The only artist of the New York school to participate directly in European Modernism, Hans Hofmann became known as the major exponent of Abstract Expressionism. His paintings are known for their manic, exuberant energy. Among 20th-century masters, he was the first to consolidate and codify the lessons of Modernism into a teaching system. Hofmann was also a widely influential art instructor with schools in New York City and Provincetown, Massachusetts. Approximately six thousand students studied modernist art with him; among the well-known names are Helen Frankenthaler, Jane Freilicher, Wolf Kahn, Larry Rivers and Nell Blaine.
Hofmann said he always based his paintings on the subject of nature, and he used vivid colors such as bright blues, greens, oranges, and yellows, and applied them with palette knives in long, slashing strokes. He viewed the surface of the canvas as alive, responsive, and active, often with opposing forces which he created with his theory of “push and pull,” a concept which is closely tied to theories of Paul Cezanne. He also experimented with dripping paint onto the canvas, a method Jackson Pollock learned and later made famous.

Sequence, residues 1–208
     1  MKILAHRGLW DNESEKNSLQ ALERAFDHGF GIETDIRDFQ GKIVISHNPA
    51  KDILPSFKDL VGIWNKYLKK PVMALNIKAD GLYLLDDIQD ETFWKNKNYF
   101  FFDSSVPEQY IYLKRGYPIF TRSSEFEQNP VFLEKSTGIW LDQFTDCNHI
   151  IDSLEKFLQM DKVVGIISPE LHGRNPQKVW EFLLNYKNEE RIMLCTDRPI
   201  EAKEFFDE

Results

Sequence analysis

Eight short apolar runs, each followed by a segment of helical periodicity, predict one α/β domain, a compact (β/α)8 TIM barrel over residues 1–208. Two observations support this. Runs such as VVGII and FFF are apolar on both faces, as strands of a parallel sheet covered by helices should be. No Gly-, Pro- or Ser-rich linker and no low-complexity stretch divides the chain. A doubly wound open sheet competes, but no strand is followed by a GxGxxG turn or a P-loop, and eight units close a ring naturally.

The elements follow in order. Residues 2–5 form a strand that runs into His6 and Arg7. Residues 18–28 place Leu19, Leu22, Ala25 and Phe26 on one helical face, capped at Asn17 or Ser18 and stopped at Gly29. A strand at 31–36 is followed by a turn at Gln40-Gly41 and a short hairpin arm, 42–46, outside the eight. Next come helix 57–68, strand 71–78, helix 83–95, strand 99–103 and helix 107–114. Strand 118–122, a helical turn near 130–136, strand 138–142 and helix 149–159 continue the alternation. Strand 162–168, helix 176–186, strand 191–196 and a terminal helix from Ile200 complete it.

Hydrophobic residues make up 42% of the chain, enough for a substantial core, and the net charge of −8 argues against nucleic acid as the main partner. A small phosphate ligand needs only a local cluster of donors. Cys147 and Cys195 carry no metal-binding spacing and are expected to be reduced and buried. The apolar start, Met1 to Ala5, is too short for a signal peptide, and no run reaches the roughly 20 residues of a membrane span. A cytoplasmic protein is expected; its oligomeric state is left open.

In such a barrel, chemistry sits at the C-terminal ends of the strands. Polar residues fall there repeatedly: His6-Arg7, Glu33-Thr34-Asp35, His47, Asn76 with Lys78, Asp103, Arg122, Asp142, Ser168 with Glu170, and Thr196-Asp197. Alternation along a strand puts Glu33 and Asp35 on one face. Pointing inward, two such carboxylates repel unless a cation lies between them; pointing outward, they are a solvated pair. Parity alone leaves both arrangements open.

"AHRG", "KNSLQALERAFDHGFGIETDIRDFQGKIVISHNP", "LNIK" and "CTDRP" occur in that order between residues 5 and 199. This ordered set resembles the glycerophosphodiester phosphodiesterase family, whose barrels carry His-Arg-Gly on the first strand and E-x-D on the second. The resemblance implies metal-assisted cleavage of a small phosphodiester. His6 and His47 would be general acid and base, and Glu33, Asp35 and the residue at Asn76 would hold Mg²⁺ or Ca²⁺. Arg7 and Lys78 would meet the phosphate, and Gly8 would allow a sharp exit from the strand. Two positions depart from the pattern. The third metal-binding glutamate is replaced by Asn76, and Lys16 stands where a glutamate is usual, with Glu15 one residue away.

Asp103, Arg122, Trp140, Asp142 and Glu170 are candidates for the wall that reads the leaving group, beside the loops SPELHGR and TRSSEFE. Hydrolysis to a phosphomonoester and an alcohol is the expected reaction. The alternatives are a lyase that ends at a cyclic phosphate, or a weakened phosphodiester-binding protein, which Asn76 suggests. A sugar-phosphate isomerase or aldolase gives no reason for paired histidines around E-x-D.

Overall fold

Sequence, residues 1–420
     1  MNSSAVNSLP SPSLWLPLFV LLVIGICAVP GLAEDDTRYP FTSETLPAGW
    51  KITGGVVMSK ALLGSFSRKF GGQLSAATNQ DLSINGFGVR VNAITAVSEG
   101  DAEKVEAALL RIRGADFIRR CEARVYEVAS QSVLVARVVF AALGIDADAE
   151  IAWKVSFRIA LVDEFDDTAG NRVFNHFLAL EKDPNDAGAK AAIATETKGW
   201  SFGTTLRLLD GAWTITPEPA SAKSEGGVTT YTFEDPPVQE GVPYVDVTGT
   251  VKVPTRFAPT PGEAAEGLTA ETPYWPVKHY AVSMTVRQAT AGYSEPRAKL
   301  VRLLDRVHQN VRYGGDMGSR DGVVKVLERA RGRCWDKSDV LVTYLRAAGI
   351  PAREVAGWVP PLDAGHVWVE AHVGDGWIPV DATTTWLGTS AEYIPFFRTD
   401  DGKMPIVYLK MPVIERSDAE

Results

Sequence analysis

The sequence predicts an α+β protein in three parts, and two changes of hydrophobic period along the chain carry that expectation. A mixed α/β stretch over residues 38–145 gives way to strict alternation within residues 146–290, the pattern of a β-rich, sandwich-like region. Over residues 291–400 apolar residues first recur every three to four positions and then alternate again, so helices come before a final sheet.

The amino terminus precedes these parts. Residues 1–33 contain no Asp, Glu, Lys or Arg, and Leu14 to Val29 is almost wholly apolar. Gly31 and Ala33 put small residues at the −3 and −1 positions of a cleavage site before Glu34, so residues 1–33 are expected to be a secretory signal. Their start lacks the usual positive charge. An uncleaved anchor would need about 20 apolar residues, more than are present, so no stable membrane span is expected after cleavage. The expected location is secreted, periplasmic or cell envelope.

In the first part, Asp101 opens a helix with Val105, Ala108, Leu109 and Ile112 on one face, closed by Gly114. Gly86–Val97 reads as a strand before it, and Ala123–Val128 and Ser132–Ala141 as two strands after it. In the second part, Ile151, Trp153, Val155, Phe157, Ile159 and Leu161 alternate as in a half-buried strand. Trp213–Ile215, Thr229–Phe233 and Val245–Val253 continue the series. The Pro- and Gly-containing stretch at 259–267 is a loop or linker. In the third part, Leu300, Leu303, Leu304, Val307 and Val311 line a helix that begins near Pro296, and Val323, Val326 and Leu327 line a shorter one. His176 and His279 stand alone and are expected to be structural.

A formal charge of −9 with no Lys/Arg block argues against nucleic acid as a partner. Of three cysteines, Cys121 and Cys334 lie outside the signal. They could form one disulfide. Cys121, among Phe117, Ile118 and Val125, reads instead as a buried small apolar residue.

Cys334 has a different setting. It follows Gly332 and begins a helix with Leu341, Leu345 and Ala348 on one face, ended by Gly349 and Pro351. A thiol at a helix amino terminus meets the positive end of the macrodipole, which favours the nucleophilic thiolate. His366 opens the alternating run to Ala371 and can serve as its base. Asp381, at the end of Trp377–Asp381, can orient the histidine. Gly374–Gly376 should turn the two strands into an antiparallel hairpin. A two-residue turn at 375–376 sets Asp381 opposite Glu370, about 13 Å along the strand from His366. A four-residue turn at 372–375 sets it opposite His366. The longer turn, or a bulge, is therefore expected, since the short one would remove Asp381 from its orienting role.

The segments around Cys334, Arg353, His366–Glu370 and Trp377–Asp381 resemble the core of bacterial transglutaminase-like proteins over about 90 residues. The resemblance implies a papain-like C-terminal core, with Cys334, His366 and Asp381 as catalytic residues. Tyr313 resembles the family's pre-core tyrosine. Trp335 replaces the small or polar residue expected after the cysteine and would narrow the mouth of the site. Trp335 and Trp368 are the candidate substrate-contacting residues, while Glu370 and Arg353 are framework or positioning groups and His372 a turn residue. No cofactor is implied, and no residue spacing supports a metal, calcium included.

Exhibitions with Somerville Manning Gallery
2015 American and European Masters – Art of the 19th-20th Centuries
2014 American and European Masters – Art of the 19th-21st Centuries
2013 American Masters – Art of the 19th-21st Centuries
2012 American Masters – Art of the 19th and 20th Centuries